Yazhou Zu, Charles R. Lefurgy, Jingwen Leng, Matthew Halpern, Michael S. Floyd, Vijay Janapa Reddi
In Proc. of International Symposium on Microarchitecture (MICRO), 2015.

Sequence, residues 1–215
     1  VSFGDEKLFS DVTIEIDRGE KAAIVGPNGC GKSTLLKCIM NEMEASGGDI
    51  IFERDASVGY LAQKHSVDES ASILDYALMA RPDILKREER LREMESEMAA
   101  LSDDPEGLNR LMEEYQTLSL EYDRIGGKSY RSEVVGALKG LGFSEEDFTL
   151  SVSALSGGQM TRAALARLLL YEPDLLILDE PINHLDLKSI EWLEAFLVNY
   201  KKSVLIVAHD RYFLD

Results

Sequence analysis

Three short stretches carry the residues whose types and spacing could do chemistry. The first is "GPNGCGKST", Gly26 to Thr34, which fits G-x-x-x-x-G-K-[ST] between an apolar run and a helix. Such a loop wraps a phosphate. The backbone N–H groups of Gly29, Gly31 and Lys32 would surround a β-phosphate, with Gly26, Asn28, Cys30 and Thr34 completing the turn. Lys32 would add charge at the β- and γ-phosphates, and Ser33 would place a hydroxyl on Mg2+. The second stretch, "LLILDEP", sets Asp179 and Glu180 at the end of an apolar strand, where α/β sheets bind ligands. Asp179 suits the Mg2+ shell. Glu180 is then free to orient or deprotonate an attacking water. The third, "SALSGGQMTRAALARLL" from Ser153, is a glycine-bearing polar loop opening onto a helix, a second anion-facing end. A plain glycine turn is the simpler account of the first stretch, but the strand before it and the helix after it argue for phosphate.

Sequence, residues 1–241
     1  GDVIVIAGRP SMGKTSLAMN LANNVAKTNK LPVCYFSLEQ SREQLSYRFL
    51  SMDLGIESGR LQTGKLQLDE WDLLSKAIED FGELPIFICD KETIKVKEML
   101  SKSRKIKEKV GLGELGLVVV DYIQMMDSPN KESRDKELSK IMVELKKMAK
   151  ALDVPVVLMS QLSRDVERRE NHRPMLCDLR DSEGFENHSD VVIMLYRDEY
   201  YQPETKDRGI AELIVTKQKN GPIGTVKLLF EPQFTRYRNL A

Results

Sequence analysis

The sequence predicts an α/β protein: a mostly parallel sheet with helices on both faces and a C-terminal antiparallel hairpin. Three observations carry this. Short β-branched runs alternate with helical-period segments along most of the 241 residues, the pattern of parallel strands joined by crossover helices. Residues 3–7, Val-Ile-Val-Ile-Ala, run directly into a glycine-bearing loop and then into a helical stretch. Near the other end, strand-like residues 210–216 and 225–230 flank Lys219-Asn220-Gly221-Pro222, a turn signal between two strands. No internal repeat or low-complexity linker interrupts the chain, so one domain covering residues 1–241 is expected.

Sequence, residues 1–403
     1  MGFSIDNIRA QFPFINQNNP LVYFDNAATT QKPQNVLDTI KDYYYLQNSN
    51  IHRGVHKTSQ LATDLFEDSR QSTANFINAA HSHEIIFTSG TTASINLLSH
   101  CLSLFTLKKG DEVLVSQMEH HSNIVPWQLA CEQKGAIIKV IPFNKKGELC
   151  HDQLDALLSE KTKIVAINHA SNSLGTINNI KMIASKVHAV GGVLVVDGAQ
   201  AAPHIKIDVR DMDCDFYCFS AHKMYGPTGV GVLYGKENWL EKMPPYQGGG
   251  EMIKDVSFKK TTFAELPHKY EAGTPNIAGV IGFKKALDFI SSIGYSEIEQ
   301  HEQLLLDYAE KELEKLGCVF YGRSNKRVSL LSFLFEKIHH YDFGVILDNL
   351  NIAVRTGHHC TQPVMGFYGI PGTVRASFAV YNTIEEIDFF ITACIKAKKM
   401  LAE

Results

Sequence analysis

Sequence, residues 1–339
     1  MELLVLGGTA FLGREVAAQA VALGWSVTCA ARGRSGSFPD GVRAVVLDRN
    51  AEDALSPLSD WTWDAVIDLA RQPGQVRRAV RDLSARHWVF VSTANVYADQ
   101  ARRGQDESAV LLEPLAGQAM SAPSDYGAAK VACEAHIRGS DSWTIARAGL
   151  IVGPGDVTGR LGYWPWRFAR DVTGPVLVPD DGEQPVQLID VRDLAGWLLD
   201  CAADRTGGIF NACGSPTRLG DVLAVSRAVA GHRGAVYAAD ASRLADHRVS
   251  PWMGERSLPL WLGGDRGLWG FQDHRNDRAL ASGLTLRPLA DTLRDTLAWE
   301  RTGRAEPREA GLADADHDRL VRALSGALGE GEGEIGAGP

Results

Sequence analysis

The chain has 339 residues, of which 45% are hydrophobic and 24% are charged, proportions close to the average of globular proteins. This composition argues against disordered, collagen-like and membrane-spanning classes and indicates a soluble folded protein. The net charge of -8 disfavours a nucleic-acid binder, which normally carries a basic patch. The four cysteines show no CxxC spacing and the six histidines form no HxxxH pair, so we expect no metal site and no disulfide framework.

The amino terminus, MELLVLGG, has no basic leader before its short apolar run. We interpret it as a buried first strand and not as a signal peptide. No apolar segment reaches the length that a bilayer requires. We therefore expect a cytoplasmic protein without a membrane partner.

We provide the first full-system analysis of adaptive guardbanding using a production POWER7+ multicore, one of the few commercial systems that offers adaptive guardbanding. Adaptive guardbanding is an efficient way to improve processor performance and save energy without compromising reliability under different operating conditions and workload environments. Instead of setting a fixed Vdd for the processor based on the worst-case design, adaptive guardbanding dynamically adjusts the processor's clock frequency and voltage based on the timing margin. However, there is yet to be a comprehensive full-system measurement-based study on adaptive guardbanding's behavior today. On the basis of a broad collection of hardware measurements conducted on an enterprise-class server, we show the benefits of adaptive guardbanding in a practical setting are strongly dependent upon workload characteristics and chip-wide multicore activity. A key finding is adaptive guardbanding's benefits diminish as the number of active cores increase. The high-level system effects are the result of interactions between the application characteristics, architecture and the underlying voltage regulator module's loadline effect and IR drop effects. In addition to our systematic analysis and characterization, we introduce adaptive guardband scheduling to reclaim, and improve, an adaptive guardbanding system's efficiency under different enterprise usage scenarios. Our solution reduces processor power consumption by 6.2% over a highly optimized system. In practice, the complementary software solution doubles the adaptive guardbanding hardware's efficiency.